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Real-time evaluation of the independent analgesic efficacy of dexmedetomidine



Dexmedetomidine has analgesic properties, but the intraoperative analgesic effect of dexmedetomidine is often masked by the effects of other general anaesthetics. Therefore, the degree to which it reduces intraoperative pain intensity remains unclear. The objective of this double-blind, randomised controlled trial was to evaluate the independent intraoperative analgesic efficacy of dexmedetomidine in real-time.


This single-centre study enrolled 181 patients who were hospitalised for below-knee orthopaedic surgeries between 19 January 2021 to 3 August 2021 were eligible for this is single-centre study. Peripheral neural block was performed on patients scheduled for below-knee orthopaedic surgeries. Patients were randomly assigned to the dexmedetomidine or midazolam group and were intravenously administered with 1.5 µg kg−1 h−1 dexmedetomidine or 50 µg kg−1 h−1 midazolam, respectively. The analgesic efficacy was evaluated using the real-time non-invasive nociception monitoring. The primary endpoint was the attainment rate of the nociception index target. The secondary endpoints included the occurrence of intraoperative hypoxemia, haemodynamic parameters, the consciousness index, electromyography and patient outcomes.


On Kaplan–Meier survival analysis, the defined nociception index target was attained in 95.45% and 40.91% of patients receiving dexmedetomidine and midazolam, respectively. Log-rank analysis revealed that the dexmedetomidine group attained the nociception index target significantly faster and the median attainment time of the nociception index target in the dexmedetomidine group was 15 min. Dexmedetomidine group was associated with a significantly lower incidence of hypoxemia. There was no significant difference in blood pressure between the dexmedetomidine and midazolam groups. Further, the dexmedetomidine group had a lower maximum visual analogue scale score and lower analgesic consumption postoperatively.


Dexmedetomidine has independent analgesia and systemically administered as an adjuvant agent has better analgesic efficacy than midazolam without severe side effects.

Trial registration Registry Identifier: NCT-04675372.Registered on 19/12 /2020.

Peer Review reports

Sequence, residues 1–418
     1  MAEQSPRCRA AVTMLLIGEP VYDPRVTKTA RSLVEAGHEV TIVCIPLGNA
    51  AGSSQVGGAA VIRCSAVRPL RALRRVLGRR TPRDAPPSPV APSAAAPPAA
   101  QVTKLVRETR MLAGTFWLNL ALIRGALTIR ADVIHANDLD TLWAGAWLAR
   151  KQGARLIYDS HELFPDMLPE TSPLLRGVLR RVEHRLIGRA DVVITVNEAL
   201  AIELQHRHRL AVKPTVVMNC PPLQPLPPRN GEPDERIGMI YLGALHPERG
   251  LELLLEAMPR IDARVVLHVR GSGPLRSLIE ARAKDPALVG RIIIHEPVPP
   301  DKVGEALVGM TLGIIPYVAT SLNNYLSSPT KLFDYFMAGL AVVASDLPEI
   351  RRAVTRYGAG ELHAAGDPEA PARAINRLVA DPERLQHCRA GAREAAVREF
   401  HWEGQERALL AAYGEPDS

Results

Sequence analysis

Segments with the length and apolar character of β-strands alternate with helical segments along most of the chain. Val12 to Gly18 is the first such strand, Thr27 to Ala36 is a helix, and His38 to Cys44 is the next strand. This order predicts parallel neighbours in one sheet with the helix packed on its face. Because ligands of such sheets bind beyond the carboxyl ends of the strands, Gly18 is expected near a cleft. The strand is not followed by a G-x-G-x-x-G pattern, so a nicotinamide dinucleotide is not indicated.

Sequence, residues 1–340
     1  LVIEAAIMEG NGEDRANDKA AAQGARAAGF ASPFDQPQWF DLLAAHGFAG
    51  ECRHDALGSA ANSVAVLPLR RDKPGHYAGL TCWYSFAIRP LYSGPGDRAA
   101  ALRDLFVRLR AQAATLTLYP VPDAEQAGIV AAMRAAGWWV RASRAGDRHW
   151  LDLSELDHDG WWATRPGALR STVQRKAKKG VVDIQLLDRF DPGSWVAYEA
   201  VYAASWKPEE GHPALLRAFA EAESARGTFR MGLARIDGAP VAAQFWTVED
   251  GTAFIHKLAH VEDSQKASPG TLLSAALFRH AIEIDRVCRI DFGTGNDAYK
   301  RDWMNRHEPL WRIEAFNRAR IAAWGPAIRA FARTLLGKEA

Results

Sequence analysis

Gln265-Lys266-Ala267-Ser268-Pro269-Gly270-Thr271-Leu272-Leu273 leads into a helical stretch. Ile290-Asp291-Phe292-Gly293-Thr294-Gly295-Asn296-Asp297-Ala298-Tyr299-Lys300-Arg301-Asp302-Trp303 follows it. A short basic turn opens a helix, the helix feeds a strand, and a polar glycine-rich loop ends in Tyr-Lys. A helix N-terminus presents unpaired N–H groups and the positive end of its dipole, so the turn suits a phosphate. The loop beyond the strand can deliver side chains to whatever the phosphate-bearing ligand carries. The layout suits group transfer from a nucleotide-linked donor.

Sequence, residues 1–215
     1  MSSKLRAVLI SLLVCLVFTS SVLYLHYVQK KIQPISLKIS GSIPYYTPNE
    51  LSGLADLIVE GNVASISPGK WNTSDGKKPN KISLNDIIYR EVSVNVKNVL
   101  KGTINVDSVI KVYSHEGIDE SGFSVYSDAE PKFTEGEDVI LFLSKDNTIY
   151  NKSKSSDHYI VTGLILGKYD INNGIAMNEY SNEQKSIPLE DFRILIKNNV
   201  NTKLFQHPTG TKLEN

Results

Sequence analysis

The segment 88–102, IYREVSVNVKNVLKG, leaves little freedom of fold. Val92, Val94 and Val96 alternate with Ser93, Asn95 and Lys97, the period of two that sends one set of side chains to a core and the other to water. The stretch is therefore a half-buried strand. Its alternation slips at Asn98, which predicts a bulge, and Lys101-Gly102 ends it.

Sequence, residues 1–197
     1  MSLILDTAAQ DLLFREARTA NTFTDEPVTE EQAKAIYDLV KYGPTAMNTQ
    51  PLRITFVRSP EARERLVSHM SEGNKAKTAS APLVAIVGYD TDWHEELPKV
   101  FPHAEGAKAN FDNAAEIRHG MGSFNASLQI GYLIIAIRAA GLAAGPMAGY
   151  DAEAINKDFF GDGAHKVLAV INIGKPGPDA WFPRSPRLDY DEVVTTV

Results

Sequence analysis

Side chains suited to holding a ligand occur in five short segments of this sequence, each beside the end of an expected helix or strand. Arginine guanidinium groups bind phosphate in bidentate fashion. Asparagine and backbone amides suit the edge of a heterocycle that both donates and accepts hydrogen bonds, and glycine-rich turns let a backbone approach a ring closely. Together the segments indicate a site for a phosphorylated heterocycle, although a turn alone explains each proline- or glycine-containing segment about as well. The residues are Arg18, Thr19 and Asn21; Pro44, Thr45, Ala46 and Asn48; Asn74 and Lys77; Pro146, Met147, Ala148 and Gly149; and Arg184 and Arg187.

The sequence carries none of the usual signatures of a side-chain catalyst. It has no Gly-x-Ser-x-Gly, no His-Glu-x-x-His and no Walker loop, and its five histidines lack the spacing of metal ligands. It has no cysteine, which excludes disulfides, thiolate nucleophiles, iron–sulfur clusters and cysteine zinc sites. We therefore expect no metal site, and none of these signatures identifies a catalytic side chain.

Dexmedetomidine (DEX), a highly selective a2-adrenoreceptor agonist, is a relatively new adjuvant drug with sympatholytic, anxiolytic and analgesic properties [1]. As a key adjuvant of multimodal analgesia, DEX can significantly enhance the analgesic effect of general anaesthetics even at a low dose and can effectively inhibit opioid pain hypersensitivity and analgesic tolerance [2]. Furthermore, DEX has the beneficial property of an analgesia-sparing effect [3]. Moreover, it provides good intraoperative analgesia, reduces postoperative pain and opioid requirements, helps attain stable haemodynamic conditions and has minimal side effects [4]. It is widely used in clinical practice for its analgesic effect [5]. However, the intraoperative analgesic effect of DEX is often masked by the effects of other general anaesthetics. Therefore, the degree to which DEX reduces intraoperative pain intensity remains unclear, and its adverse effects during the maintenance period have not been fully elucidated.

Patients hospitalised for fractures have a high risk of pain and anxiety [6]. Pain can accentuate the body’s stress response and adversely affect endocrine and immune functions [7, 8]. Peripheral neural block (PNB) is the preferred technique and standard of anaesthesia care for below-knee orthopaedic surgeries. The systemically administered DEX as an adjuvant analgesic during PNB can prevent disturbances from other general anaesthetics, act on distinct pharmacologic sites and exhibit its independent anti-nociceptive effect.

Another challenge in analgesia is objectively monitoring the analgesia level in real-time to evaluate pain in an unconscious patient. Most trials have been limited by the use of visual analogue scales to evaluate the level of analgesia; however, this is subjective and cannot be used in deeply sedated patients. Our recent studies have shown that the nociception index (IOC2, namely qNOX), a new real-time monitoring index, responds to external noxious stimuli and thus allows us to objectively evaluate analgesic effects and pain intensity in patients under general anaesthesia [9,10,11,12].

This study aimed to quantitatively evaluate the analgesic effects of DEX using IOC2 by determining the rate and time required to attain the target IOC2 (i.e. mean optimal analgesia) in patients who underwent below-knee orthopaedic surgery. Further, the safety and postoperative efficacy of DEX were assessed.

Materials and methods


This trial was approved by the independent Institutional Ethics Committee of Xuanwu Hospital (Chairperson Prof. Yanghai Cui, identifier: IRB-XWAD-202008–12) on 12 /08/2020. The trial was also registered in the registry (identifier: NCT04675372)(Sponsors: China International Neuroscience Institution) on 19/12 /2020. This randomised, double-blind, parallel-group clinical trial was designed, implemented, executed and overseen by the study sponsor and steering committee. Written informed consent was obtained from all study participants before enrolment. The study was conducted in accordance with the good clinical practice guidelines indicated in the Declaration of Helsinki and relevant regulatory requirements [13].

Study participants and randomisation

In this prospective study, patients presented to our institution with below-knee fractures and were hospitalised for below-knee orthopaedic surgeries. Using a computer-generated randomisation schedule, the patients were randomly assigned (1:1) to the DEX or midazolam (MID) group according to the allocation sequence.

The inclusion criteria of the study were as follows: (1) patients undergoing below-knee orthopaedic surgeries and internal fixation under PNB anaesthesia, (2) aged 18–80 years, (3) classified using ASA (American Society of Anesthesiologists) grade I–IV, (4) having a body mass index (BMI) of 18.5–35 kg m−2and (5) underwent surgeries that lasted for < 3 h.